The badger was clearly foraging, but I couldn’t make out what it was feeding on.  I could hear loud cracking, crunching noises every now and then, as if it was chewing on dry sticks.  This was puzzling.  It was louder than the noise of a snail shell breaking, but I couldn’t figure out what it was.  When the badger had moved off I eased my cramped legs off the tree and went for a look.   The tree overhead was a hazel, and spread around the area were broken hazelnut shells.

Broken hazelnut shells, possibly eaten by a badger

Now, I can’t prove that this is what the badger was crunching on, but it seems likely.  A badger’s jaws are certainly strong enough, and hazelnuts are nutritious.  There are references in the literature to badgers eating hazelnuts (in 1935!)  However, the shells could have been there before the badger came – squirrels crack hazelnuts and they’re plentiful in the area.  I tried to find evidence that the badger was responsible – a shell with fresh badger spit on it, for instance, but there was nothing definite.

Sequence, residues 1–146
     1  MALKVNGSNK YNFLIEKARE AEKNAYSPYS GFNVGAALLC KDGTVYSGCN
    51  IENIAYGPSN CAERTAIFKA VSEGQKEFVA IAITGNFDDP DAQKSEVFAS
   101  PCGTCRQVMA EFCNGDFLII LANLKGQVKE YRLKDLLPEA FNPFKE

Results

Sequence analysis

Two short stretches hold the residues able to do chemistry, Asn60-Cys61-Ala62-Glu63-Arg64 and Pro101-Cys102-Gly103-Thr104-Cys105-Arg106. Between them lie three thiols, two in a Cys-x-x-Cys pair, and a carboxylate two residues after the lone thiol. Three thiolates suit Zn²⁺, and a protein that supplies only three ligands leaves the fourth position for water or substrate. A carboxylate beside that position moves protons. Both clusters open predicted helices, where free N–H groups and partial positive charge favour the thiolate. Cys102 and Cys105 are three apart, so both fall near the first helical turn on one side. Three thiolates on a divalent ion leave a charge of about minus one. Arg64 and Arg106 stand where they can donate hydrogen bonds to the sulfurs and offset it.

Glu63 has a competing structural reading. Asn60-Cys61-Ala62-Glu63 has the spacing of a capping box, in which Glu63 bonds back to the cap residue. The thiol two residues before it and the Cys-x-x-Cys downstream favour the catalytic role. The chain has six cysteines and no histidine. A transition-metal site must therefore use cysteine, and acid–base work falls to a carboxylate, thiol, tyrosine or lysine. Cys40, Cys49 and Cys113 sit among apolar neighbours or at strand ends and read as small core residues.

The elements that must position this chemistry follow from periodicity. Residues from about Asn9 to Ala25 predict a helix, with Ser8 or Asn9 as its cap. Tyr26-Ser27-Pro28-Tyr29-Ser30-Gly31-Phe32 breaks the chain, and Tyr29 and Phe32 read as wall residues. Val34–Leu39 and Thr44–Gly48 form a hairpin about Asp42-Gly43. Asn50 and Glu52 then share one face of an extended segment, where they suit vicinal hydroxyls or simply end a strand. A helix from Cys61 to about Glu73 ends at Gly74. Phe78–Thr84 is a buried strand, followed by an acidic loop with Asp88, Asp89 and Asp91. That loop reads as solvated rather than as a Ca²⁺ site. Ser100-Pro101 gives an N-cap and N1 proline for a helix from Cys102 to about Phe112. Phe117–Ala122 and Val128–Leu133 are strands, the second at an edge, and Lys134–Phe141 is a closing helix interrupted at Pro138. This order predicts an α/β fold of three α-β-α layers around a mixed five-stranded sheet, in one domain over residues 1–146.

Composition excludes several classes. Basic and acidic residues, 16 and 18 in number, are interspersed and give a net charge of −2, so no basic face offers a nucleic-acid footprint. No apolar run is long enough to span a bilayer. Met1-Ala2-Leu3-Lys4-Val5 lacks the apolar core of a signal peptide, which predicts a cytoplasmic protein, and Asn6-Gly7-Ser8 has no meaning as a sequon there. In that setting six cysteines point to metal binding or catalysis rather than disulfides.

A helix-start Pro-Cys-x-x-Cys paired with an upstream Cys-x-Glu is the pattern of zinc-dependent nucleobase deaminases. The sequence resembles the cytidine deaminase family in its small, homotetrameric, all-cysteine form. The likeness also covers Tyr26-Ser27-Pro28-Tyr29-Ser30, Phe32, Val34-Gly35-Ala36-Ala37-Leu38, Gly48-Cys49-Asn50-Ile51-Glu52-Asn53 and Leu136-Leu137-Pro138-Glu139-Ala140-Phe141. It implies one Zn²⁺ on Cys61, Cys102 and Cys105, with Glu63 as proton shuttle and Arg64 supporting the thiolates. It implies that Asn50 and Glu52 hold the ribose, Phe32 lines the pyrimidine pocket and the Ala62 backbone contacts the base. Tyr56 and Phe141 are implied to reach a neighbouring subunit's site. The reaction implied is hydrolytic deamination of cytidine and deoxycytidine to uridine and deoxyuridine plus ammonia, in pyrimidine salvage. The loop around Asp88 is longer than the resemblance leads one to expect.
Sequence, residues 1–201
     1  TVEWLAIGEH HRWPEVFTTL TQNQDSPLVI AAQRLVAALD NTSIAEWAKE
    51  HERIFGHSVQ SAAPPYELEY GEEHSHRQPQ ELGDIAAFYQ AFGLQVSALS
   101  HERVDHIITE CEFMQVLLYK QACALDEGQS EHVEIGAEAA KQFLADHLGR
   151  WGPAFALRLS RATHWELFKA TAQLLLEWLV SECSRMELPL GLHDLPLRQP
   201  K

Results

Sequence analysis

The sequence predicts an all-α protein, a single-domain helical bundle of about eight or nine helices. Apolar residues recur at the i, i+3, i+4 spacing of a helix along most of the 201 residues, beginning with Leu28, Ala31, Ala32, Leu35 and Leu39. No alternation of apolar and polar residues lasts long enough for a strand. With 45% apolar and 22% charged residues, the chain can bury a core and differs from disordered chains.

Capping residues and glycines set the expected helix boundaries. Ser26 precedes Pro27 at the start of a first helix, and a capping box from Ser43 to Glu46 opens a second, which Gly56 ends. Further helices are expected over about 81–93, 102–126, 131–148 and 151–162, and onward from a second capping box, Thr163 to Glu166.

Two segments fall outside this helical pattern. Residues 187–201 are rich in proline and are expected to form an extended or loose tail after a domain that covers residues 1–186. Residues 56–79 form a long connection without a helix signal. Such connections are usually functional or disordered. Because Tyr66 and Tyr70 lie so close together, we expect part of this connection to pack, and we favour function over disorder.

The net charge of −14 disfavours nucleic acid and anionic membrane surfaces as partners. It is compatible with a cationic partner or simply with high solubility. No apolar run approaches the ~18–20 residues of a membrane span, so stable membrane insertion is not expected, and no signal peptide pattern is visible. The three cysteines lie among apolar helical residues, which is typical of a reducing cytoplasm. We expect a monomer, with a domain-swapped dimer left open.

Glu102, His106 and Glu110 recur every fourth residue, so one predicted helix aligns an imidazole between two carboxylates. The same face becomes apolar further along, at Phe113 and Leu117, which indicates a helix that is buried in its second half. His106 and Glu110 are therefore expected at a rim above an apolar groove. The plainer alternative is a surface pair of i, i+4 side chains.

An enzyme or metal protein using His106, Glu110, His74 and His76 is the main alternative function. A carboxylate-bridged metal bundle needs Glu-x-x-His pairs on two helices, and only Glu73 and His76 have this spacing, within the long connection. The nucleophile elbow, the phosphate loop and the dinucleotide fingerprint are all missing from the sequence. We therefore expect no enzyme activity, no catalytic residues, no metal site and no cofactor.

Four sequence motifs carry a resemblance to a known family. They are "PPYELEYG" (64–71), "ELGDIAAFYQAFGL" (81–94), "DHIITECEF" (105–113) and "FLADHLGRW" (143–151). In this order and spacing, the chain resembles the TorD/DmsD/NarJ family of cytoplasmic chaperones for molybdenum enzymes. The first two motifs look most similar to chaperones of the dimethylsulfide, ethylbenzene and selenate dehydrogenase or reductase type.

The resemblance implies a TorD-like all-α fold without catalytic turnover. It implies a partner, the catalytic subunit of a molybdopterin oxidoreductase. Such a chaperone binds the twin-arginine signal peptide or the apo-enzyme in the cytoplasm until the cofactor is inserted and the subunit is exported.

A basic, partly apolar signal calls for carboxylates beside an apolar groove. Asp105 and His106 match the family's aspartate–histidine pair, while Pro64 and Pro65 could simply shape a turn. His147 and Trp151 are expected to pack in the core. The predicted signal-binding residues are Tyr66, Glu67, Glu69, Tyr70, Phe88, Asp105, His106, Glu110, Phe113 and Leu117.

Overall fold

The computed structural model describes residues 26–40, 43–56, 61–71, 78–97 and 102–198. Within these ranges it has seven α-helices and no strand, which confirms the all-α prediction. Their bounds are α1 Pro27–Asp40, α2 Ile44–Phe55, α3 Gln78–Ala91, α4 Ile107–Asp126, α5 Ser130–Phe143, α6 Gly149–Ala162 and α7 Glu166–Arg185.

All in all, a fascinating evening and one that provoked all sorts of thoughts about badgers’ diet.  I can’t prove the badger was eating hazelnuts but there’s no reason why not.  What with the sloes and the nut shells I can see some sort of badger dung analysis project to keep me active through the autumn.  This is what I like about badgers.  Even though they’re a common species, living side by side with humans, there is still a chance to add something, however small, to what we know about them.  Just don’t tell Mrs BWM.

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Primroses in the wood

Primroses in the wood